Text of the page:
3. Hayes was against civil service reform, but he signed several bills for political expediency.
    4. Hayes was unable to get civil service legislation through Congress, but he set up his own rules for merit appointments.
    5. His actions on civil service reform earned him the nickname “His Fraudulenc”



  1. Chester A. Arthur:
    1. was elected to the presidency with less than half of the popular vote
    2. was the first president since Lincoln to die in office
    3. was elected to the presidency despite untrue rumors concerning gambling debts circulated by the Democrats just before the election
    4. was connected with the New York Customhouse corruption before he became president
    5. chose James A. Garfield, a stalwart, as his vice president



  1. The “mongrel tariff” of 1883:
    1. raised the average duty on imports by about 5 percent, less of an increase than President Arthur supported
    2. was called the mongrel tariff because it called for different rates for different commodities
    3. raised the average duty on imports by about 25 percent, almost exactly what President Ar-


thur wanted

    1. lowered the average duty on imports by about 25 percent, almost exactly what President Arthur wanted
    2. was named for Senator Charles Mongrel



  1. The Pendleton Civil Service Act:
    1. provided for appointment to a number of government jobs on the basis of competitive ex- ams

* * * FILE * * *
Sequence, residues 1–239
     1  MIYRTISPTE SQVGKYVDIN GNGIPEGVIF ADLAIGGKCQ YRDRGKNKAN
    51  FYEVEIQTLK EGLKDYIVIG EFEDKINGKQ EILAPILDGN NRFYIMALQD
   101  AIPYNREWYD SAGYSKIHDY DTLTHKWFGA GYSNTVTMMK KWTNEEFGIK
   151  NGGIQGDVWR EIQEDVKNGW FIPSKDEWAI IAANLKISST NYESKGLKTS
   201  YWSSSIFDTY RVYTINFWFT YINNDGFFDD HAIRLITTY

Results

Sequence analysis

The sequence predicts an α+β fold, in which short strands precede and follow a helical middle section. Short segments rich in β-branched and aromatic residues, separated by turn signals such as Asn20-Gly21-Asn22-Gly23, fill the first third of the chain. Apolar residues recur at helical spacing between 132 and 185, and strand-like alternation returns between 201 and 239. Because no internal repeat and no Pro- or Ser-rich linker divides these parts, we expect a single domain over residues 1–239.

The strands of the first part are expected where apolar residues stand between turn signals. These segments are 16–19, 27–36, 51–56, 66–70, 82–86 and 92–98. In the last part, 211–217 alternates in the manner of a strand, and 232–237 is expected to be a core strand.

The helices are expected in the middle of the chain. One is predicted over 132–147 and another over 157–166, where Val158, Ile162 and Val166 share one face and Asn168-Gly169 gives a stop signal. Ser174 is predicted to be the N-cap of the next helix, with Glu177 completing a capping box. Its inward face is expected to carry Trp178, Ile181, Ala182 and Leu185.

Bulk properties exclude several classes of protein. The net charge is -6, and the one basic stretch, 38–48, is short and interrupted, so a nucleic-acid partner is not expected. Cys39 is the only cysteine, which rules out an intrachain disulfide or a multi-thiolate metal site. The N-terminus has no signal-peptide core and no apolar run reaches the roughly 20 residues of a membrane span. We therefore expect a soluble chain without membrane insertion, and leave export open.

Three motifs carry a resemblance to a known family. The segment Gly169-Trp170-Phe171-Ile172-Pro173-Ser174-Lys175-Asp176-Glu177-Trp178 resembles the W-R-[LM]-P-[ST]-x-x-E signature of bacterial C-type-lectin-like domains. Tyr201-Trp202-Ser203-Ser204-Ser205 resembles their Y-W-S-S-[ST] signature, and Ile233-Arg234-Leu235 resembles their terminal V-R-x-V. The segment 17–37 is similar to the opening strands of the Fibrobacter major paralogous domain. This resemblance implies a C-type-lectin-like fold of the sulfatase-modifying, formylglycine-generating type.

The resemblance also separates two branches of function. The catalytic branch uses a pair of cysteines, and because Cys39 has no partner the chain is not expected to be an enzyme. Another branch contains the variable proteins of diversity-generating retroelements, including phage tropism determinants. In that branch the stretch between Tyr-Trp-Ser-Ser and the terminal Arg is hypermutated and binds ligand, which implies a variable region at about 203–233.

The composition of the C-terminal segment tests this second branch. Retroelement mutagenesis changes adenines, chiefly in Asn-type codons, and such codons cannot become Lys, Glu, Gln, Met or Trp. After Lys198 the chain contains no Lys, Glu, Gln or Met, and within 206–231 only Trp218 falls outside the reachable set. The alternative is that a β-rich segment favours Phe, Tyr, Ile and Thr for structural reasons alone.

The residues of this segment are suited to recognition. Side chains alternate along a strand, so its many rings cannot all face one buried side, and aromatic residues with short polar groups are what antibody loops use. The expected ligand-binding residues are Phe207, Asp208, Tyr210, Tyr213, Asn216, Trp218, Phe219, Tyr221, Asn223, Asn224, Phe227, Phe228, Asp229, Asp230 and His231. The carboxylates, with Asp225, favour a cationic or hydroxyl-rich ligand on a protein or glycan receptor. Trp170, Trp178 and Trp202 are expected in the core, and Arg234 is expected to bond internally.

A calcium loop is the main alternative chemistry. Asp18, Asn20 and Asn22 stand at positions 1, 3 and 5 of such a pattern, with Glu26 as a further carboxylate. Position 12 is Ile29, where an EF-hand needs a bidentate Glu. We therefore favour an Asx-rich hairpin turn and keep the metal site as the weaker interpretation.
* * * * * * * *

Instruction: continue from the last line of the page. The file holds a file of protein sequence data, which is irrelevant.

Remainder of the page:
2. was signed into law by James Garfield
    3. was vetoed as “an unconstitutional intrusion of government into the private sphere” by Benjamin Harrison
    4. set up the first racial quotas for government service jobs
    5. provided for appointments only in the postal service



  1. During the campaign for the presidential election of 1884, many prominent Republican leaders and supporters left the party because:
    1. they would not vote for a woman as vice president
    2. the Mugwumps had gained power within the party
    3. letters were discovered linking candidate James G. Blaine to the railroads
    4. the party refused to take a firm stand on the tariff
    5. they would not vote for Grant to serve a third term



  1. Grover Cleveland:
    1. had a strictly limited view of government’s role
    2. said that “just as the people support the government, so should the government support the people”
    3. refused to fire federal workers on partisan grounds
    4. pushed through bills to help drought-stricken farmers
    5. supported 100 percent of pensions for veterans



  1. The Interstate Commerce Commission:
    1. was created to regulate railroads
    2. was passed over Cleveland’s veto
    3. was overturned by the Supreme Court in Wabash Railroad v. United States
    4. was the result of a fight between dairies in Illinois and farmers in Wisconsin
    5. proved strong when tested in the courts



  1. Which one of the following was a Democrat?
    1. Chester A. Arthur
    2. James G. Blaine
    3. James Garfield
    4. Winfield Scott Hancock


    1. William McKinley



  1. Benjamin Harrison was elected president:
    1. in a campaign waged mainly on the issue of currency reform
    2. even though he received fewer popular votes than the loser, Grover Cleveland
    3. despite publication of the “Mulligan letters” linking him to the railroads
    4. in the only Gilded Age campaign not marred by dirty tricks and personal attacks on the candidates
    5. even though he acknowledged that he would do away with pensions



  1. Which one of the following was named the father of an illegitimate child?
    1. Chester A. Arthur
    2. Grover Cleveland
    3. James Garfield
    4. John Sherman